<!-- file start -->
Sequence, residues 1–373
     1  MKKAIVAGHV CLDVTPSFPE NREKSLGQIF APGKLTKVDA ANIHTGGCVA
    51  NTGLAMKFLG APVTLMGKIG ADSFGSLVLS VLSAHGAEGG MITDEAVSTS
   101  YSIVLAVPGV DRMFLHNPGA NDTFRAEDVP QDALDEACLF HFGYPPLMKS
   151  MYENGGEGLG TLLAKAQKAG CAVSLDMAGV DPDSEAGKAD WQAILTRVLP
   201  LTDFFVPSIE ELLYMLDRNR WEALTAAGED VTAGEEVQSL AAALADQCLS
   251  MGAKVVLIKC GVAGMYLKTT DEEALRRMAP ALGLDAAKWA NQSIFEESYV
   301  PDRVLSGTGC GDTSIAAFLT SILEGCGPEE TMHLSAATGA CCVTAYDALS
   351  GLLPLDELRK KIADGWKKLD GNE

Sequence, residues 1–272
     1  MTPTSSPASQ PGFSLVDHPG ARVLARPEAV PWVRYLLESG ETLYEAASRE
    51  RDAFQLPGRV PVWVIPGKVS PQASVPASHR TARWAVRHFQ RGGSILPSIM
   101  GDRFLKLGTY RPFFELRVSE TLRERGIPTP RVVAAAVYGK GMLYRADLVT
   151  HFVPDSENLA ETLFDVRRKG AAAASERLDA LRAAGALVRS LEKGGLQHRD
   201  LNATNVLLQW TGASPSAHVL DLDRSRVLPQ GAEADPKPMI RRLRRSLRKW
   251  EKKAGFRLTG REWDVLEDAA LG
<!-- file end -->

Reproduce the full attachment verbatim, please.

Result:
Sequence, residues 1–373
     1  MKKAIVAGHV CLDVTPSFPE NREKSLGQIF APGKLTKVDA ANIHTGGCVA
    51  NTGLAMKFLG APVTLMGKIG ADSFGSLVLS VLSAHGAEGG MITDEAVSTS
   101  YSIVLAVPGV DRMFLHNPGA NDTFRAEDVP QDALDEACLF HFGYPPLMKS
   151  MYENGGEGLG TLLAKAQKAG CAVSLDMAGV DPDSEAGKAD WQAILTRVLP
   201  LTDFFVPSIE ELLYMLDRNR WEALTAAGED VTAGEEVQSL AAALADQCLS
   251  MGAKVVLIKC GVAGMYLKTT DEEALRRMAP ALGLDAAKWA NQSIFEESYV
   301  PDRVLSGTGC GDTSIAAFLT SILEGCGPEE TMHLSAATGA CCVTAYDALS
   351  GLLPLDELRK KIADGWKKLD GNE

Sequence, residues 1–272
     1  MTPTSSPASQ PGFSLVDHPG ARVLARPEAV PWVRYLLESG ETLYEAASRE
    51  RDAFQLPGRV PVWVIPGKVS PQASVPASHR TARWAVRHFQ RGGSILPSIM
   101  GDRFLKLGTY RPFFELRVSE TLRERGIPTP RVVAAAVYGK GMLYRADLVT
   151  HFVPDSENLA ETLFDVRRKG AAAASERLDA LRAAGALVRS LEKGGLQHRD
   201  LNATNVLLQW TGASPSAHVL DLDRSRVLPQ GAEADPKPMI RRLRRSLRKW
   251  EKKAGFRLTG REWDVLEDAA LG